Why is it so hard to predict anything?
So hard that some people believe that ‘no prediction will ever be accurate’?

Which is simultaneously true and false!
First of all, it is a prediction.
Hence, it is supposed to be false.
But it’s true!

Then, if all predictions are going to be false, why bother?

Because sometimes it works.
Or, at least, it works good enough to be useful.

Hence this query.

Will economists ever be as good at forecasting as meteorologists?
I must thank Tim Harford for this excellent question.

No. For a very simple reason.

Meteorology has to do with physics. Something which doesn’t change as you learn more about it. Only the researcher’s understanding of what is going on goes deeper and deeper into the matter.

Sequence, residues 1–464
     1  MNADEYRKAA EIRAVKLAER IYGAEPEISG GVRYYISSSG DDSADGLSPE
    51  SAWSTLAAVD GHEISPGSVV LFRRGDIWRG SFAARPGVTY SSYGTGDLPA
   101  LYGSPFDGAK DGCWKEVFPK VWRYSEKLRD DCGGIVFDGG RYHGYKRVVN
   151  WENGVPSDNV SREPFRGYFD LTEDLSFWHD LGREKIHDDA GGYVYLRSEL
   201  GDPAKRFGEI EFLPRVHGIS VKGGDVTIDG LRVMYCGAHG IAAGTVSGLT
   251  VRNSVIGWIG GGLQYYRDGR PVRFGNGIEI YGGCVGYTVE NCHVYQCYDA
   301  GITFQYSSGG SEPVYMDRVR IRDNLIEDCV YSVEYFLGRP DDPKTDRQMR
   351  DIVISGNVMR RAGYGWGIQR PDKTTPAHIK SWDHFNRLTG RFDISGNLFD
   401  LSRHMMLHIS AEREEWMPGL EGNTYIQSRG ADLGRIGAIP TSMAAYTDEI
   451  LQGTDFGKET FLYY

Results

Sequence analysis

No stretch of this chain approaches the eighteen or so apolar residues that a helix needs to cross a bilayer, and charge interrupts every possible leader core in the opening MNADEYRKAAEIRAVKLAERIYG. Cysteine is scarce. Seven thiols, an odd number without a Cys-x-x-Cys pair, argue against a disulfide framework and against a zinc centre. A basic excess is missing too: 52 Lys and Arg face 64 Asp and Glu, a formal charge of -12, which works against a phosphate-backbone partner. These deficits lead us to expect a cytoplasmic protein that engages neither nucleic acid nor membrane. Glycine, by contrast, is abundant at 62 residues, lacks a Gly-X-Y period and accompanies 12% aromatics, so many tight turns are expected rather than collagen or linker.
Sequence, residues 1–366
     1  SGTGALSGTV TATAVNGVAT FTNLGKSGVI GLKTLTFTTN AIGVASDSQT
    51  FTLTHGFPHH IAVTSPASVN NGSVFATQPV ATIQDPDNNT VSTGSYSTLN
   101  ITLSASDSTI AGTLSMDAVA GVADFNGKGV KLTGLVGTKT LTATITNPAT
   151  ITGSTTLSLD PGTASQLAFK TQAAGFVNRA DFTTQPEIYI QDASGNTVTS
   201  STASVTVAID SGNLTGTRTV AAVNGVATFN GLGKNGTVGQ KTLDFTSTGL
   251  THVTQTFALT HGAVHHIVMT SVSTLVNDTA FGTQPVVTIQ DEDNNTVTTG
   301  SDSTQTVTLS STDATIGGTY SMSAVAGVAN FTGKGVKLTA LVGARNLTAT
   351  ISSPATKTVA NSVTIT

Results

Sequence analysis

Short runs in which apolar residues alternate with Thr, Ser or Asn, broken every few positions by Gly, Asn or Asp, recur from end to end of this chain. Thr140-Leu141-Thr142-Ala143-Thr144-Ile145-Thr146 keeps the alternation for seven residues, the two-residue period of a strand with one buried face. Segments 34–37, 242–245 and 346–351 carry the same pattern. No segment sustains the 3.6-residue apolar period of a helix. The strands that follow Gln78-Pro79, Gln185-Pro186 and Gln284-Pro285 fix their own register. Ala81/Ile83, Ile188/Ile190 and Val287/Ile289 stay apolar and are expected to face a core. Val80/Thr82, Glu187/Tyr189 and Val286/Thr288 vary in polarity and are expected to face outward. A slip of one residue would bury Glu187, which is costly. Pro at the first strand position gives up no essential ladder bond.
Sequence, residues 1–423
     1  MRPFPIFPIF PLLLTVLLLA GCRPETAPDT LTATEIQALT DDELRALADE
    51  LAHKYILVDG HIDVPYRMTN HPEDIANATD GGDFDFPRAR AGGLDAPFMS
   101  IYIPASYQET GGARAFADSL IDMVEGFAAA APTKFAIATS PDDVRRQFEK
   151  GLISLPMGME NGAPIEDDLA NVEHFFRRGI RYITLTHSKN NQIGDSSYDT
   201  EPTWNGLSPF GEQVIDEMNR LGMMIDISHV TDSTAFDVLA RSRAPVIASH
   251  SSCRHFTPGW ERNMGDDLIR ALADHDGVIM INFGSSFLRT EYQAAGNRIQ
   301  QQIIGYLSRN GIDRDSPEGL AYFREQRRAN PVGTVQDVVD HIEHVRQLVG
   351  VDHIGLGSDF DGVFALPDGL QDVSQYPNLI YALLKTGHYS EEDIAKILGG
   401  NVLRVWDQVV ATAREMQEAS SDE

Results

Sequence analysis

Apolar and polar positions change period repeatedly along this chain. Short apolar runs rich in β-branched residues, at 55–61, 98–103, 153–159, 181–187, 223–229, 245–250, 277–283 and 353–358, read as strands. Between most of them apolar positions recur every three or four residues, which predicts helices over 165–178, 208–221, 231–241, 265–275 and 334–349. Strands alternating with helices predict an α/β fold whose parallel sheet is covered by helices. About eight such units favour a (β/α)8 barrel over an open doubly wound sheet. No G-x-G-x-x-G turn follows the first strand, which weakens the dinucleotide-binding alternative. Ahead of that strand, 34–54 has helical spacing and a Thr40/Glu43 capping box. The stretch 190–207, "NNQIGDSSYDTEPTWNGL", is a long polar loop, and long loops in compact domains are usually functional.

Economy has to do with both hard facts – how much coal/arable land is available at one moment, and psychological unknowns.
What people will do if/when….
The hard facts might change – just as meteorological data does. But in a rather foreseeable manner.
What people will do… is a lot harder to predict. Simply because people change their understanding of facts, based on what they learn.

Just as the meteorologists do.
And while it is relatively easy to predict that meteorology will become more and more accurate – for the foreseeable future, at least, it is a lot harder to predict what the meteorologists will do as a consequence of their increased abilities.

Specially when a lot of money is involved.